Qatar’s real estate sector is expected to continue the last year’s trend with most forecasts projecting optimism and a steady progress in 2012, according to an industry report.
Citing Doha-based property consultancy Asteco report, Oxford Business Group (OBG) said, there are concerns that oversupply in some segments could keep prices down in the short term as the flow of new developments more than matches current demand.
Rents for residential properties had been broadly stable in the last quarter of 2011, there was a significant increase in the number of transactions and enquiries, a trend it expected to continue this year.
There had also been a rise in the number of sales in prime locations such as The Pearl-Qatar in the fourth quarter of the year, a move the Asteco report said indicated a return of investor confidence.
The improvement in the market could be given further impetus if contracts for major developments, in particular those for the country’s rail network, sporting stadiums and associated construction projects were awarded, said the report.
Asteco Qatar managing director Jed Wolfe told OBG, “Though the completion of new projects will continue to add stock to the market, with supply set to outstrip demand, Asteco does see the sector reaching sustainable growth levels by the end of the year.
“The ever increasing amount of international companies coming to Qatar is having a positive effect on the real estate market. Due diligence and research are being prioritised in order for efficiency and operational costs to reach sustainable levels.”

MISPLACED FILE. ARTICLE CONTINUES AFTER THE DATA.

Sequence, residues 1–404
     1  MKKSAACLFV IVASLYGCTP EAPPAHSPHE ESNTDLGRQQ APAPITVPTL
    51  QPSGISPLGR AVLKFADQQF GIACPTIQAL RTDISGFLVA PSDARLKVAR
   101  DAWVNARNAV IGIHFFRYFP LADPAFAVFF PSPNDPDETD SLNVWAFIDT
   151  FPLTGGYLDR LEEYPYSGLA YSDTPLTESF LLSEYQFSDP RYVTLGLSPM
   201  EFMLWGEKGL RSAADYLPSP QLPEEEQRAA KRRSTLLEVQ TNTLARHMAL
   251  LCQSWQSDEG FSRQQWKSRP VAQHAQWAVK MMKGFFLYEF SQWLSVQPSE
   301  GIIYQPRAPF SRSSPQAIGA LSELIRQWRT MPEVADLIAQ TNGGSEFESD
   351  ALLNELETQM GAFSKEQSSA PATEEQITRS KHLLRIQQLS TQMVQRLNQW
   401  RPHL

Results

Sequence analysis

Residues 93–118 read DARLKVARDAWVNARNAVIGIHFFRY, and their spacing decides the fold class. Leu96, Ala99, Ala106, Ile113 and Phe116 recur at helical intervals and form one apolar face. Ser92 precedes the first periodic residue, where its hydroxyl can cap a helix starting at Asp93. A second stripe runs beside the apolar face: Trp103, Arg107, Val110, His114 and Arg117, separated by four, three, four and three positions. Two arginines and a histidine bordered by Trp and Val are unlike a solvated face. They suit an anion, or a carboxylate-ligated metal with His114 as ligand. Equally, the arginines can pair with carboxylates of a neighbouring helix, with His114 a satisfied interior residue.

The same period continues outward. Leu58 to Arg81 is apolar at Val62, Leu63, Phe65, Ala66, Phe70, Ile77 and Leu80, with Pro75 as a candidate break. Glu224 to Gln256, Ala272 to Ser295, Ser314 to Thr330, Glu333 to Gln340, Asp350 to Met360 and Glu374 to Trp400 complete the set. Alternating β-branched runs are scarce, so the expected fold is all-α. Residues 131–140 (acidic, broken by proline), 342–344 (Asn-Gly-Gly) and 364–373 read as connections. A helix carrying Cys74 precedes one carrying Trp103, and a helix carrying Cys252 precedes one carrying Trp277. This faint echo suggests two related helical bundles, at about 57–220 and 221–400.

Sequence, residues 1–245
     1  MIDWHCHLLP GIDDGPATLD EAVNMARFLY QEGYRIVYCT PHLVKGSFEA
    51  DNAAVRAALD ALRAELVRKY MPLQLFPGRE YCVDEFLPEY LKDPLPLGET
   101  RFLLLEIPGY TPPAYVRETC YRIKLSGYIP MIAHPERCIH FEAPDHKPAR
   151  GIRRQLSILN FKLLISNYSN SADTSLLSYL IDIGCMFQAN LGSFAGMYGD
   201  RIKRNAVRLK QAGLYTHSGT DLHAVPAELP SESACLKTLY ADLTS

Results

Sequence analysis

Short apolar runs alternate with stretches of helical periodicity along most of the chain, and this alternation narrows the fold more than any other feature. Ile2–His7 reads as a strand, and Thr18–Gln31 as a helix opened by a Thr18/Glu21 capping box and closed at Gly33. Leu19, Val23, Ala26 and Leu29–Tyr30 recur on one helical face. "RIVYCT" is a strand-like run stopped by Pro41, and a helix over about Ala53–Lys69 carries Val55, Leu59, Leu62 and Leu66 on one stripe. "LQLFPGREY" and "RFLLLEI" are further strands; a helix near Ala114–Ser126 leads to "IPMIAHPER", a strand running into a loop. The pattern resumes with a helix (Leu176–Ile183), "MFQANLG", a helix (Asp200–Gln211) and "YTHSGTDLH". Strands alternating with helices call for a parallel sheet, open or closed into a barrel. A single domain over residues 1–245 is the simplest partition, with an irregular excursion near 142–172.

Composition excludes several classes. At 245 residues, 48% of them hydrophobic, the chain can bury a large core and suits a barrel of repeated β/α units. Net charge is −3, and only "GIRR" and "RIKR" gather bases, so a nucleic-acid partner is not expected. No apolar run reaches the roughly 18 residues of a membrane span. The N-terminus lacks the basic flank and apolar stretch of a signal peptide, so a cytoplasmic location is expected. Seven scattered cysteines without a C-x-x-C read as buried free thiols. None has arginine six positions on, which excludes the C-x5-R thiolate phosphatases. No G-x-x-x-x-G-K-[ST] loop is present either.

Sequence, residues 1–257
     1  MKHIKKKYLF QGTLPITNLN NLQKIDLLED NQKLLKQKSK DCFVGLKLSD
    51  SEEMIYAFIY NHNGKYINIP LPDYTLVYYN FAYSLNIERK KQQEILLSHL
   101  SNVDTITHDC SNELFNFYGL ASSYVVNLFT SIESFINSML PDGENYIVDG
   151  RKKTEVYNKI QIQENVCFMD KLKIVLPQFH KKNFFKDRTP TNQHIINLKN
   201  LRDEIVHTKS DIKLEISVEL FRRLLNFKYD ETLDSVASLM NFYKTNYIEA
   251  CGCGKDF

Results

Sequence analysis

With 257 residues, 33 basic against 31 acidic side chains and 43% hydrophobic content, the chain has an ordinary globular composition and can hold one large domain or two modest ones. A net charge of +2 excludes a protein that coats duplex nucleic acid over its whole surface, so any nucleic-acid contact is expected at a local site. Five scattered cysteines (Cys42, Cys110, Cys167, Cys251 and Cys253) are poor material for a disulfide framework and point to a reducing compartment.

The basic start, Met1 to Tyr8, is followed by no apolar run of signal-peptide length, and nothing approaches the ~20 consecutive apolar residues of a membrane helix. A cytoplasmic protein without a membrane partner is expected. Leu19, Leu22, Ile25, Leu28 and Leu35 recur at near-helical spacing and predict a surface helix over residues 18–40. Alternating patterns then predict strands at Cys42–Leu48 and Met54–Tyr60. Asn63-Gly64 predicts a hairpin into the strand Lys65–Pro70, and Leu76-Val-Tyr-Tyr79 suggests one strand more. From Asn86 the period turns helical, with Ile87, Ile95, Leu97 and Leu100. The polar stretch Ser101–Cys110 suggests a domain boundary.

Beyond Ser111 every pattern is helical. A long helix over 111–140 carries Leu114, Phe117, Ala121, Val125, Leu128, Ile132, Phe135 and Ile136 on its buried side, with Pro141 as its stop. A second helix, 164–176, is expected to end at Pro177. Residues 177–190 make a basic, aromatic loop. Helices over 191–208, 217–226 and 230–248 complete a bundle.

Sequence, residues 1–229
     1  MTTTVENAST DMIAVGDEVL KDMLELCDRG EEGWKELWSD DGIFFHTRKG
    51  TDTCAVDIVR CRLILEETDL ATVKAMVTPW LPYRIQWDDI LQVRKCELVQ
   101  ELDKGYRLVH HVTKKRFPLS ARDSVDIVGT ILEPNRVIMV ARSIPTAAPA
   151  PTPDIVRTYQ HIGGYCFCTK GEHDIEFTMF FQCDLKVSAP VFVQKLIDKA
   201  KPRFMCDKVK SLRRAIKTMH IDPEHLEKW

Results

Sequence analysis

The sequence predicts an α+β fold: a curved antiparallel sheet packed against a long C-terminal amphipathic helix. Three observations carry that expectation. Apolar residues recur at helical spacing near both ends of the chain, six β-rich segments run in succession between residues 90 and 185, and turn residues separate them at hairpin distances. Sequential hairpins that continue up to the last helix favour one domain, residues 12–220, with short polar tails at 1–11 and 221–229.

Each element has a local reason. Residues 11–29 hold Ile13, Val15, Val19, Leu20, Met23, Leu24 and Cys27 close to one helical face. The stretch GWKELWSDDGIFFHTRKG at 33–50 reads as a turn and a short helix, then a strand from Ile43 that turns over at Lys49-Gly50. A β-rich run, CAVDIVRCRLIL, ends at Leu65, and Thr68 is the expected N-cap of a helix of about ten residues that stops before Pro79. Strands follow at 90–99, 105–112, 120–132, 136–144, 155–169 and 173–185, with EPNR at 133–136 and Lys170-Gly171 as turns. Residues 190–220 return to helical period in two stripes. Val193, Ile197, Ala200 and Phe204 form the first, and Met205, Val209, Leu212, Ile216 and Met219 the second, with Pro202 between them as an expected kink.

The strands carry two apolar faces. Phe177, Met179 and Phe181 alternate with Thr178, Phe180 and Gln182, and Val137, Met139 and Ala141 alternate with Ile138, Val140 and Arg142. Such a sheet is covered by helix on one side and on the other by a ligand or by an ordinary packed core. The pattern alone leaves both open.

The somewhat subdued level of activity in the real estate sector last year is reflected in recent data issued by the Qatar Statistics Authority (QSA), which showed that while the 2011 consumer price index (CPI) rose by 2.1%, the rent and utility component of the index eased by 5.6% over the 12-month period, the OBG report said.
This could change though, according to a report from QNB Capital, which said the housing CPI was tipped to grow by 1.4% across 2012, as the country’s expanding population – especially due to inflow from overseas – would heat up demand.
Property sales may be given a boost by the higher levels of credit expected to flow into the marketplace this year, with Qatar banks having ample liquidity and increases in disposable income meaning buyers could be drawn towards the real estate sector in greater numbers.
Though there are some concerns that Qatar could see a glut in the property market with a large number of prestige residential and commercial developments set to be rolled out in the coming year or so, it is unlikely the country will see a major drop-off in activity.
“It is important to control growth in the state’s real estate sector so as not to create a bubble,” Steven Humphrey, the director of Davis Langdon, an AECOM Company, a global construction consultant, told OBG. “However, the risk is low as the money being invested is real and not speculative which should account for real growth.”
Most analysts see any supply side excess in the real estate market as a temporary situation, one that is likely to balance out by the end of this year. As such, investors may be looking at moving into property ahead of the expected rebound gaining momentum, seeking out quality before the next cycle of high demand and higher prices kicks in.
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